Scientists have discovered that a hideous trapdoor spider measuring more than 20mm long roamed regional Australia millions of years ago.
The spider, called Megamonodontium mccluskyi, was unearthed by a group of scientists working at a renowned fossil site in the Central Tablelands of New South Wales.
At 23mm in length, the spider fossil is the second largest ever discovered and is more than five times the size of its extant relatives.
The fossilized arachnid resembles the brush-footed trapdoor spiders of western New South Wales and is an important discovery for researchers.
UNSW palaeontologist Matthew McCurry said only four spider fossils had been found in Australia, making it difficult to understand their history.
The spider, called Megamonodontium mccluskyi, was unearthed by a group of scientists in central New South Wales. Image: Supplied/Australian Museum
The fossilized arachnid resembles species of reed-legged trapdoor spiders from western New South Wales. Image: Supplied/Australian Museum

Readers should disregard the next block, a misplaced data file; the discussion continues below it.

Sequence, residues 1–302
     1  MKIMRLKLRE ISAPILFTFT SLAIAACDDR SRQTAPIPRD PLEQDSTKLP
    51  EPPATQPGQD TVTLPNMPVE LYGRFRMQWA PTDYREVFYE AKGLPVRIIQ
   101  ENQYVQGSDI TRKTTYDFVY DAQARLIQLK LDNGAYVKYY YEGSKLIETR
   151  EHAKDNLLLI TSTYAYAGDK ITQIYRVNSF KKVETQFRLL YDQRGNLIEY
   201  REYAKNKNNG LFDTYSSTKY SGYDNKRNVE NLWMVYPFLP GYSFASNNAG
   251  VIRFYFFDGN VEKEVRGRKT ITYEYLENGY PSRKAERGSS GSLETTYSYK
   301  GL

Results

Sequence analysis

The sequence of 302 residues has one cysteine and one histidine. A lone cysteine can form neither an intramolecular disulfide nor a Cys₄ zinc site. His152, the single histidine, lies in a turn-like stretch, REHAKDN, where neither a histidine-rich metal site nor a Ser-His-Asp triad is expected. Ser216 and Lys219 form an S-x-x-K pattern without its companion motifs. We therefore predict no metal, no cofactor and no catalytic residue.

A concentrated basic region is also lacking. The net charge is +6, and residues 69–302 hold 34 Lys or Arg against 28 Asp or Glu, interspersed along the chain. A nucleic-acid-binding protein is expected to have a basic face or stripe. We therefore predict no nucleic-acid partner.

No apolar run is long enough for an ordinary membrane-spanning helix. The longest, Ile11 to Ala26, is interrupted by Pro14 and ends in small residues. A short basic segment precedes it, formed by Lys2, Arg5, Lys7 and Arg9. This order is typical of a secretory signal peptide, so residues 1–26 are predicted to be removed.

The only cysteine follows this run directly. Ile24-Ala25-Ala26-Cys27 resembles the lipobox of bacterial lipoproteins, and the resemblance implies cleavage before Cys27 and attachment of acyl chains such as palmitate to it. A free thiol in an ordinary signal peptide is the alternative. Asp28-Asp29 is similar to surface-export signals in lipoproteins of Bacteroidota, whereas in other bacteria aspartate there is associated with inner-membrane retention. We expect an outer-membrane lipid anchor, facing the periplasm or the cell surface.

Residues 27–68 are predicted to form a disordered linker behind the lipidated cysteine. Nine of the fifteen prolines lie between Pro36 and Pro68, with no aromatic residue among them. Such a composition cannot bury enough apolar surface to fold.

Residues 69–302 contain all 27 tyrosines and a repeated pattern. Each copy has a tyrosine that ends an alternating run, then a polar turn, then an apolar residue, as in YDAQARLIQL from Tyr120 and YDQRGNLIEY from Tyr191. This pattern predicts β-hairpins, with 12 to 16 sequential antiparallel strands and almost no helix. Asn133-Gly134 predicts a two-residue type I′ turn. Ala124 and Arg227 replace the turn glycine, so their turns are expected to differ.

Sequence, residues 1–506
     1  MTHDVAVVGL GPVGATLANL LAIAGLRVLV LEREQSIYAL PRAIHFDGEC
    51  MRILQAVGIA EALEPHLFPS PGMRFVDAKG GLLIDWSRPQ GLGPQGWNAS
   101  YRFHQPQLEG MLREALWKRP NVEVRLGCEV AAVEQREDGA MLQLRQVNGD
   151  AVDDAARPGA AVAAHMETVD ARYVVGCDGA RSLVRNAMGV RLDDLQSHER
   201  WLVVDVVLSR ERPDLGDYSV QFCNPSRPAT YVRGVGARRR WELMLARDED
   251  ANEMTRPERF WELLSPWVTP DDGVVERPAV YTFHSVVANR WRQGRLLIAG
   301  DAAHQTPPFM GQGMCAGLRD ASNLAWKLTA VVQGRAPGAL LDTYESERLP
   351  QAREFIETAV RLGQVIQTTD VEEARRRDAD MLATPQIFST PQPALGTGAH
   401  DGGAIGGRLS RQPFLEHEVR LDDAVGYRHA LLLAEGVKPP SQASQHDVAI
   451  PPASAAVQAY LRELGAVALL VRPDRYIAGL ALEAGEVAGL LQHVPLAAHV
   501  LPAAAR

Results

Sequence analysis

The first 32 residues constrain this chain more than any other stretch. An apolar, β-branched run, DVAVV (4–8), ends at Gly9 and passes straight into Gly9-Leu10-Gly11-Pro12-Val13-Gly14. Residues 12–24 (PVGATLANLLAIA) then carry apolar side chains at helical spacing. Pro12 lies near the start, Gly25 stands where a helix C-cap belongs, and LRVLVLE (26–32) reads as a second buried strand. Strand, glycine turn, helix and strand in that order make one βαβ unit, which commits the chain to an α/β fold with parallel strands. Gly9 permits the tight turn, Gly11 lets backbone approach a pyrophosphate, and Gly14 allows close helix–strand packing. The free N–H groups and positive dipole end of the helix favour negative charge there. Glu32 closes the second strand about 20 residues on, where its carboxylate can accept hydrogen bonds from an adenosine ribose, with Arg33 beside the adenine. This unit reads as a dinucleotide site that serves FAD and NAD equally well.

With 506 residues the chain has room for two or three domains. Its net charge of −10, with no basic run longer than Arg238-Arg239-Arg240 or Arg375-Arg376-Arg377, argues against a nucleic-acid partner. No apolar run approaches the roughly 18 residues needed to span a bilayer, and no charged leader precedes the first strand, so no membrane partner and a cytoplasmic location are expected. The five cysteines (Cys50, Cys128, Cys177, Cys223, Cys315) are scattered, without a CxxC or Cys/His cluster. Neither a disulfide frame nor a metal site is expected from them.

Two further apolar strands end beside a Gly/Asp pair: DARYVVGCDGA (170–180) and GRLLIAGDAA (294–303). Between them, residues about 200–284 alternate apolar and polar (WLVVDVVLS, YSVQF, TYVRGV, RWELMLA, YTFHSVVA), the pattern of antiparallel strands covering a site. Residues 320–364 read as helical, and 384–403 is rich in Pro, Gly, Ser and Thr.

“This discovery is so significant that it reveals new information about spider extinction and fills a gap in our understanding,” he said.
“The closest living relative of this fossil currently lives in rainforests from Singapore to Papua New Guinea.
“This suggests that the group once occupied similar environments on mainland Australia, but became extinct as Australia became more arid.”
The fossil is between 11 and 16 million years old and is named after the man who unearthed it, Dr. Simon McClusky.
Its discovery was the culmination of work by scientists from ANU, UC and UNSW whose findings have since been published.
UNSW palaeontologist Dr Matthew McCurry said only four spider fossils have been found in Australia. Image: Supplied / Australian Museum / Salty Dingo
Queensland Museum arachnologist Robert Raven, supervising author, said the fossil was the largest fossil spider ever found in Australia.
“(The spider) is the first fossil of the Barychelidae family to have been found anywhere in the world,” Dr Raven said.
“There are around 300 species of brush-legged trapdoor spiders today, but they don’t seem to become fossils very often.
“This could be because they spend a lot of time inside burrows and are therefore not in the right environment to fossilize.”
The fossil is now in the Australian Museum’s palaeontology collection and is available online for researchers to study.
The site where it was unearthed, McGraths Flat, near Gulgong, was also recently discovered to be home to a new fossilized jumping spider.